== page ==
In 2001, when I booked an independent client, I was happy to inform the local Supervisor of Midwives that I had a client in her area. We maintained a respectful distance between us, we only had contact again if there were ‘issues’, as I defined them. Now, I still do, as a rule, inform local Supervisors, but it is different. Close tabs are kept, ‘support’ is offered, discussion is encouraged – my ‘outside the box’ women require Supervision, apparently – after all, isn’t it all about ‘Safety of the Public’? Why does this feel so wrong? What am I worried about if my ‘care’ is competent? There’s only one real explanation – I feel ‘managed’. Dress it up all you like – but as a competent, experienced practitioner, I do not feel the need to discuss a post dates woman with my Supervisor, for her to recommend an obstetric referral – with a friendly consultant personally picked of course! Why do I feel so threatened? Where is the trust? Am I not able to professionally cover all bases for my client with regard to the difficult decisions they have to make? No, according to Supervision – rather, the Supervision that is on offer. But the problem is oh so much deeper.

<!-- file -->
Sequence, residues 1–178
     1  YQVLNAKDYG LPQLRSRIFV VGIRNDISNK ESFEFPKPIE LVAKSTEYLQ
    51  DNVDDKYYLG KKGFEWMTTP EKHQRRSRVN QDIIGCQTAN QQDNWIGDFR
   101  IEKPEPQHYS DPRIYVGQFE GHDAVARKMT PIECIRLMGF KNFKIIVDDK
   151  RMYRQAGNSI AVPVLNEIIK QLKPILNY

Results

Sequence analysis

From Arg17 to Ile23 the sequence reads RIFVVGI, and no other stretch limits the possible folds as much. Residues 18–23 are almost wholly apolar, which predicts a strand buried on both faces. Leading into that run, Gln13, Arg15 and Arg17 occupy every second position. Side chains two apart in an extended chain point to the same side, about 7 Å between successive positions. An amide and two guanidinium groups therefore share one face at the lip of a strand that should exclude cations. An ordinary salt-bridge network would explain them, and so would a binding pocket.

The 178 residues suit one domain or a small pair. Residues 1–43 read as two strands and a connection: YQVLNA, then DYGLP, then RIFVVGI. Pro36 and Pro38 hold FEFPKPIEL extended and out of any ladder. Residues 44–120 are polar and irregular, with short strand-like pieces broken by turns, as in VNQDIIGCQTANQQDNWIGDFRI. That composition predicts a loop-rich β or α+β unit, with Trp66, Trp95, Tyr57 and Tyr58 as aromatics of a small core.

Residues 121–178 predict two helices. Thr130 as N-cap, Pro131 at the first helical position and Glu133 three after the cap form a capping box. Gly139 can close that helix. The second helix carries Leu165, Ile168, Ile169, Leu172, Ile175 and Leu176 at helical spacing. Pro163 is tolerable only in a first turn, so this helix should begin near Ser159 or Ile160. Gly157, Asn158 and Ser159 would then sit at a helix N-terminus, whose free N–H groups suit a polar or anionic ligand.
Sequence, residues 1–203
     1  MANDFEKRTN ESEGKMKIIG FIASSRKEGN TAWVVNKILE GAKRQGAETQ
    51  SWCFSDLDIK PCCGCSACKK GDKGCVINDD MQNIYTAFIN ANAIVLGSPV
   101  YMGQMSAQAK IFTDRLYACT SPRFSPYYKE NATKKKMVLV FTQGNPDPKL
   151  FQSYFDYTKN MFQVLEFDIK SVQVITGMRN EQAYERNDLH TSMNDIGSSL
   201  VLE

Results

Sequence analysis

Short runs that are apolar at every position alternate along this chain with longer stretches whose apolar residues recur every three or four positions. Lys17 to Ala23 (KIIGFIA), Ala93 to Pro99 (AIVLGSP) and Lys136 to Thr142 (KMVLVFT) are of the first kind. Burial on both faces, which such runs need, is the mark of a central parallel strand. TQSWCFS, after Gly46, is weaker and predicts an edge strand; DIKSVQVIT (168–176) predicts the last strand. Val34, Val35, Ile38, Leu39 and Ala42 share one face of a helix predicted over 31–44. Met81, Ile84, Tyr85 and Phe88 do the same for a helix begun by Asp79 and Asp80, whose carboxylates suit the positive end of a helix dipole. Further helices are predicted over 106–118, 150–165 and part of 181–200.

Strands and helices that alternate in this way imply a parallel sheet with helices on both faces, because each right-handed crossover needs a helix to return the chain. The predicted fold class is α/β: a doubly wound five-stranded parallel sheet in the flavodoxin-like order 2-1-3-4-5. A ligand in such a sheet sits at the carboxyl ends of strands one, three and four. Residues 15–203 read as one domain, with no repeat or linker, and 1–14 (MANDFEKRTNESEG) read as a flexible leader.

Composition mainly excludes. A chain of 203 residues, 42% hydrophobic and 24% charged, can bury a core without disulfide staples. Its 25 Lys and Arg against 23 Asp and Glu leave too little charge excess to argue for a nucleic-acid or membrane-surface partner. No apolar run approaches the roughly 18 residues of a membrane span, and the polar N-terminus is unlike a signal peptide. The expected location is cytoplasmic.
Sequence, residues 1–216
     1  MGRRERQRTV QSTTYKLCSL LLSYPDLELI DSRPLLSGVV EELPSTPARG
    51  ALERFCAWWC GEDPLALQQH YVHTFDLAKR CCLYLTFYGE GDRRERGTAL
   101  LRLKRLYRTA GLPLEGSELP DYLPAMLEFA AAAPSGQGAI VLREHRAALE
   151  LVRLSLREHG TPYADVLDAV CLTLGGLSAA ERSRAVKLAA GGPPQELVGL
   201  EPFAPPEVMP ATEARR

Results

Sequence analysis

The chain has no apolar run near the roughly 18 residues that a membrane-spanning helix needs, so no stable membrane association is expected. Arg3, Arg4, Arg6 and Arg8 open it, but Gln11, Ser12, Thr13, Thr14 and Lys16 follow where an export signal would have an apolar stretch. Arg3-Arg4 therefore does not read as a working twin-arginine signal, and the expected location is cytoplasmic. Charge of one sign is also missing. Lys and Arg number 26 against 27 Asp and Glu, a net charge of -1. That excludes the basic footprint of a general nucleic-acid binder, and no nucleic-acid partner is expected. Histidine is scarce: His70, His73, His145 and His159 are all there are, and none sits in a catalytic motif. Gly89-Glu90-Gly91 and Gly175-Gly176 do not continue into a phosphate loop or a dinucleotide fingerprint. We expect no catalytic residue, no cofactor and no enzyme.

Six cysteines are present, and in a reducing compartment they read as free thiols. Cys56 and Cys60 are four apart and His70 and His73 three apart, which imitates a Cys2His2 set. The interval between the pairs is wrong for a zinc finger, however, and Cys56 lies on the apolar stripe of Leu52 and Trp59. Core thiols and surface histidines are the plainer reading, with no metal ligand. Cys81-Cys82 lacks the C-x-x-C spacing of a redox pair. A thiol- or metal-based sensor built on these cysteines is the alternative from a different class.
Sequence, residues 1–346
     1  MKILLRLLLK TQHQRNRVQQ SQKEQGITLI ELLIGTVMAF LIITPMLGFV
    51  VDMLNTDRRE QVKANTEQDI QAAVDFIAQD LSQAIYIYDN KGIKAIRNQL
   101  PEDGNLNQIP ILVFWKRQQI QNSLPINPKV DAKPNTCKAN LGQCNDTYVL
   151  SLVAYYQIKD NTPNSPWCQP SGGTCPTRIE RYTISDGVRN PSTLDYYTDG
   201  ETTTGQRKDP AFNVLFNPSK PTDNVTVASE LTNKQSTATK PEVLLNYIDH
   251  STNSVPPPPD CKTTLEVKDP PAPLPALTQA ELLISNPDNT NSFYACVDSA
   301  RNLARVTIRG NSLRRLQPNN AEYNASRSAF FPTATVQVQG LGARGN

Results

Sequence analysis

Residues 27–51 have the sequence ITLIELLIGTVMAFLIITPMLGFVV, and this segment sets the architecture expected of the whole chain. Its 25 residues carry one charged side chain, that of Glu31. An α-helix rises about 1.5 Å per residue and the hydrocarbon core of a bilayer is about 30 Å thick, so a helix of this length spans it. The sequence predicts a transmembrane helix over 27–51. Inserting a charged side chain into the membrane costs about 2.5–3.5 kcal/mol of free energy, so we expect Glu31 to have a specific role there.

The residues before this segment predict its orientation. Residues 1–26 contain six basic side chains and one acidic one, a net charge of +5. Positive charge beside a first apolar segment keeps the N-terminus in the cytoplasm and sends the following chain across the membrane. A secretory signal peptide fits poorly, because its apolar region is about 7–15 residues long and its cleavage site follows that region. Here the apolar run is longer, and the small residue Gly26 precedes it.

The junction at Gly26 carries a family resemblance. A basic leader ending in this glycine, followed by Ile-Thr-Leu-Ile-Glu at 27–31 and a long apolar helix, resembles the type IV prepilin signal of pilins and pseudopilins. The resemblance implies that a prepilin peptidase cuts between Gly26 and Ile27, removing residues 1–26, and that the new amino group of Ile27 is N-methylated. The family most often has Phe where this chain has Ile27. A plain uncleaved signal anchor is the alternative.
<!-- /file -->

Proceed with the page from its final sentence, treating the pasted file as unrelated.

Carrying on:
In the end it is all about philosophy. My philosophy of birth has grown and developed to embrace all that nature offers, with the occasional, very occasional, need for medicine and technology. My philosophy does not believe that it is advantageous to women to have ‘all the research’, all the information available, from whatever source to enable their decision making. I do not believe that a woman about to bring a new life into the world should be trawling through academic tripe, for the most part, picking through facts and figures, absorbing all that negativity. There is obviously something wrong with my approach – isn’t ‘informed choice’ the new ‘Goddess’ of midwifery?
Well, what about the informed choice, to not go anywhere near a hospital – to choose a practitioner who trusts a woman’s body, and tries very hard not to intervene, knowing that her very presence is one of the first major interventions? What about the informed choice to accept it when nature doesn’t have all the answers and gets it wrong? What about the informed choice that accepts loss, accepts nature? No, I’m not saying never intervene, accept nature whatever the cost – I had a client have a much needed section this year, that needed some gentle persuasion on my part – the last emergency section had been in 2005 for me as an independent. I’m still proud of my stats.